The planet’s most sustainable city in 2015 has been announced, and followed closely by London and Copenhagen respectively; Germany’s Frankfurt comes out on top. For the fifth largest city in Germany, it’s quite inspiring to see that such a large city can still accomplish such feats.
On the home front, Sydney was placed 11th overall, while Melbourne sits a couple cities beneath at number 17.
The ARCADIS Sustainable Cities Index compares and contrasts how 50 of the world’s leading cities measure up in regards to three criteria for assessment; People, Planet and Profit. Furthermore each criterion is tallied using 20 different indicators such as income equality, green spaces and ease of doing business.
Frankfurt’s overall win doesn’t come as a huge surprise, given their widely known and publicised green initiatives. Additionally, their “long track record of proactively taking action to improve its sustainability,” was also a major contributor to their ultimate placement, according to the people at ARCADIS.
As the runner-up, London too obviously scored very well. However the areas in which they ultimately fell short were, predictably, congestion, declining air quality, lack of infrastructure and of course a chronic shortage of affordable housing.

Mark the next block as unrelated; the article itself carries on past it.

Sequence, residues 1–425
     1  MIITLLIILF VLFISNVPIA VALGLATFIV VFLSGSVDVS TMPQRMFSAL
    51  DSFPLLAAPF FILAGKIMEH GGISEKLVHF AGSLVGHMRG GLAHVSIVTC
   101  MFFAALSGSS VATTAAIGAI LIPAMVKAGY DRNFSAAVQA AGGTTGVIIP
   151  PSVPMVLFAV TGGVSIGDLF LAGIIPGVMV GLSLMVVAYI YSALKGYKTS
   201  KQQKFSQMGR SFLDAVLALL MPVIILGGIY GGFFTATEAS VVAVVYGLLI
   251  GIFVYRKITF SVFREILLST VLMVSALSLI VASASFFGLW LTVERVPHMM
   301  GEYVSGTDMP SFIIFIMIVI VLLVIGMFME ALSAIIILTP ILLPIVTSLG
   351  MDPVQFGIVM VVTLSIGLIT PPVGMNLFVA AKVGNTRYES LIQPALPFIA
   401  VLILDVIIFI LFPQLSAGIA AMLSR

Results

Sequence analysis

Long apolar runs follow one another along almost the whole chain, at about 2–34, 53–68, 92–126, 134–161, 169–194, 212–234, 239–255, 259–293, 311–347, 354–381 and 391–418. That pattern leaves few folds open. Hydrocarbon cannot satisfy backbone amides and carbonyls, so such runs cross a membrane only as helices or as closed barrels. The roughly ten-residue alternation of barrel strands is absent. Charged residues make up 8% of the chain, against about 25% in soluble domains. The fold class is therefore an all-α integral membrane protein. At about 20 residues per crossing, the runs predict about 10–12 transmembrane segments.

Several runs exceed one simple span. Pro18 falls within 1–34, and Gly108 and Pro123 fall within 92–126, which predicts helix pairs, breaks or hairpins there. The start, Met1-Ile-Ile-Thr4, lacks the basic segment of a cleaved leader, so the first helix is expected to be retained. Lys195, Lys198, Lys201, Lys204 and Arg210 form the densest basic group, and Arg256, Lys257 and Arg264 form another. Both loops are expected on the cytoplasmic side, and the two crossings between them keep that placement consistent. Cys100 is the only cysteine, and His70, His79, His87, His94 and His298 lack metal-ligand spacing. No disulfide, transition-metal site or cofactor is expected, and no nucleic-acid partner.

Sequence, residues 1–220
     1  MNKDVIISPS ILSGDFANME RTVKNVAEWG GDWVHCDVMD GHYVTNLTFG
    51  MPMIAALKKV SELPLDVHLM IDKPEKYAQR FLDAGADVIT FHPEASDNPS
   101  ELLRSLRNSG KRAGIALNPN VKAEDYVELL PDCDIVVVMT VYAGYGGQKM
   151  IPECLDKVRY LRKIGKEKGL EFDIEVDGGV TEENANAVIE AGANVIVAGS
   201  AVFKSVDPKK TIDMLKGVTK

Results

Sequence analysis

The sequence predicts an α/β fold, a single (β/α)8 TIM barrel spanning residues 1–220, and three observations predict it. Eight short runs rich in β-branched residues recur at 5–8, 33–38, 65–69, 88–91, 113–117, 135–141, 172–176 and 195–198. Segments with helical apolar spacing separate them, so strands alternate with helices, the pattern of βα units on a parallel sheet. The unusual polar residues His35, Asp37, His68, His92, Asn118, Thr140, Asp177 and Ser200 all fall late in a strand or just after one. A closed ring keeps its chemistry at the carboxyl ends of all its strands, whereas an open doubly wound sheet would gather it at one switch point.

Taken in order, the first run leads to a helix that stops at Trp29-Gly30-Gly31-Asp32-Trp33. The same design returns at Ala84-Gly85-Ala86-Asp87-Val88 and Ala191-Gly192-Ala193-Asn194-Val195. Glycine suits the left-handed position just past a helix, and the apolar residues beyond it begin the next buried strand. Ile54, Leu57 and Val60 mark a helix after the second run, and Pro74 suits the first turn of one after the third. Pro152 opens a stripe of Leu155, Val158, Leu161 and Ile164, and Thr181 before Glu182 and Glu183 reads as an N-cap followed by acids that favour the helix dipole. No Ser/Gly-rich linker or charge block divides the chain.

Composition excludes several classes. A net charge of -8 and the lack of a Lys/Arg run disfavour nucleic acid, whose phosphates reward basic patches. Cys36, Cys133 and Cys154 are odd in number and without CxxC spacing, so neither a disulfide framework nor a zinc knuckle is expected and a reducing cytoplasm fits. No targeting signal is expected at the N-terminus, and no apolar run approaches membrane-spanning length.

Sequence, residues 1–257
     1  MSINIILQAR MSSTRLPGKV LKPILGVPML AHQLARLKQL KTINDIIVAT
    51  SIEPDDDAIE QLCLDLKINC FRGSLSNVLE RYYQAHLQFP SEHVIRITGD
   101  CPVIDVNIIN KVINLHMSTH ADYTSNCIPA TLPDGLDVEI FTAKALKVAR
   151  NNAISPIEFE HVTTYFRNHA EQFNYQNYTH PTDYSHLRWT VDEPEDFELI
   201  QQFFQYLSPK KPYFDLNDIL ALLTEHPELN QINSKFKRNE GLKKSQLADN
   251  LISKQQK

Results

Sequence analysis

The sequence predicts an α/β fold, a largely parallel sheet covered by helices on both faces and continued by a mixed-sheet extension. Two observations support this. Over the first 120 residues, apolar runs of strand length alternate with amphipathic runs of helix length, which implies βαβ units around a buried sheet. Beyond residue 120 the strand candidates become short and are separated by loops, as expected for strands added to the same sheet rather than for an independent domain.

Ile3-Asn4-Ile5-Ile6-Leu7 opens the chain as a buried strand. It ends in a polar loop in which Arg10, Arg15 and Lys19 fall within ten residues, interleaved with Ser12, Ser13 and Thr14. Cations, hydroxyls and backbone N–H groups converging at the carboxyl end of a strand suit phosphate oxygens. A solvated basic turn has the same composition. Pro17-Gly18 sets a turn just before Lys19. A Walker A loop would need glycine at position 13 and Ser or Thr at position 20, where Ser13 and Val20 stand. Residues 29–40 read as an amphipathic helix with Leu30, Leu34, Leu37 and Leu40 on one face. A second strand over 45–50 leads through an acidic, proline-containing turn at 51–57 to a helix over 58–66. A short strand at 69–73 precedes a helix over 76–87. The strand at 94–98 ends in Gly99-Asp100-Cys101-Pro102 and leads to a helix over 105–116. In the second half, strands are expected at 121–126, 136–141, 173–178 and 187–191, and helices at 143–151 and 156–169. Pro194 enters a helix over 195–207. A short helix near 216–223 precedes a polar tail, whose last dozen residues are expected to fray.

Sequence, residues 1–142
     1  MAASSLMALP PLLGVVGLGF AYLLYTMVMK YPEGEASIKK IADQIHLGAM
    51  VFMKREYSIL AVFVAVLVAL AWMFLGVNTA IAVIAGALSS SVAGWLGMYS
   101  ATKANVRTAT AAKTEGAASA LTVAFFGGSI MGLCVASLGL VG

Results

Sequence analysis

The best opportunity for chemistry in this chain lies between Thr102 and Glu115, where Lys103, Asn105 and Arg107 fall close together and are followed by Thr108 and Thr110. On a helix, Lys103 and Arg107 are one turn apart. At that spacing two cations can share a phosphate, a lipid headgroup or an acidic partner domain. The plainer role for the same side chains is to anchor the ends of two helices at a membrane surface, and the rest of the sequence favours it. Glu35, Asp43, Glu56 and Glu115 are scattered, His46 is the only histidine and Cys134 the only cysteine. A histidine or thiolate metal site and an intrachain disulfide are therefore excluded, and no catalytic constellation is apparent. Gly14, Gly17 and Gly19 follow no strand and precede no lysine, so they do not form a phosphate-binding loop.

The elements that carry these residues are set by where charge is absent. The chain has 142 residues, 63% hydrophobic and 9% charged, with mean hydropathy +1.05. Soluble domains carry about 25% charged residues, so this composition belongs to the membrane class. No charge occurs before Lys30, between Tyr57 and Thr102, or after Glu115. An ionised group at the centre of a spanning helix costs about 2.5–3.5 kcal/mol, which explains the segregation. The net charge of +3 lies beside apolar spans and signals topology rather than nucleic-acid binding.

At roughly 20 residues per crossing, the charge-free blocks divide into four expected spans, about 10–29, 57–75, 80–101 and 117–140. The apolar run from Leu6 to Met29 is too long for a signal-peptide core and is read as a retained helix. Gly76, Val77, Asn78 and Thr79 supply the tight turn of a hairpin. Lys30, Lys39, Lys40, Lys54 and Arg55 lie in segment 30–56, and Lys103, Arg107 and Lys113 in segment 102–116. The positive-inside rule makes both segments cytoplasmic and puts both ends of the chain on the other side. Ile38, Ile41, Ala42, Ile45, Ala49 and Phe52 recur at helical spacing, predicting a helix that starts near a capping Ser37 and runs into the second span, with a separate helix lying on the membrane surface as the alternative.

Social Stability assessments surprisingly saw the top three drop down, Rotterdam and Seoul shooting up to first and second place respectively. Amsterdam was the best balanced city, having the most consistent ranking in the three criteria, four including ‘overall.’
The ARCADIS report does in effect warn against imbalance, specifically environmental and economic achievements of many global cities coming at the cost of the social.
Interestingly, though unsurprisingly, the ‘fast-growing cities’ predominantly in Africa and Asia were amongst the least sustainably ranked. Nairobi in Kenya placed 50th overall. This seems to warn governments, councils and architects to plan and build on a city’s success in a thoughtful and level-headed manor.
For 2016, ARCADIS neatly sums up a sustainable city as one that “works well for their citizens in the present, without causing problems for themselves and the rest of the world in the future.”
About Holly Cunneen: ODS Contributor
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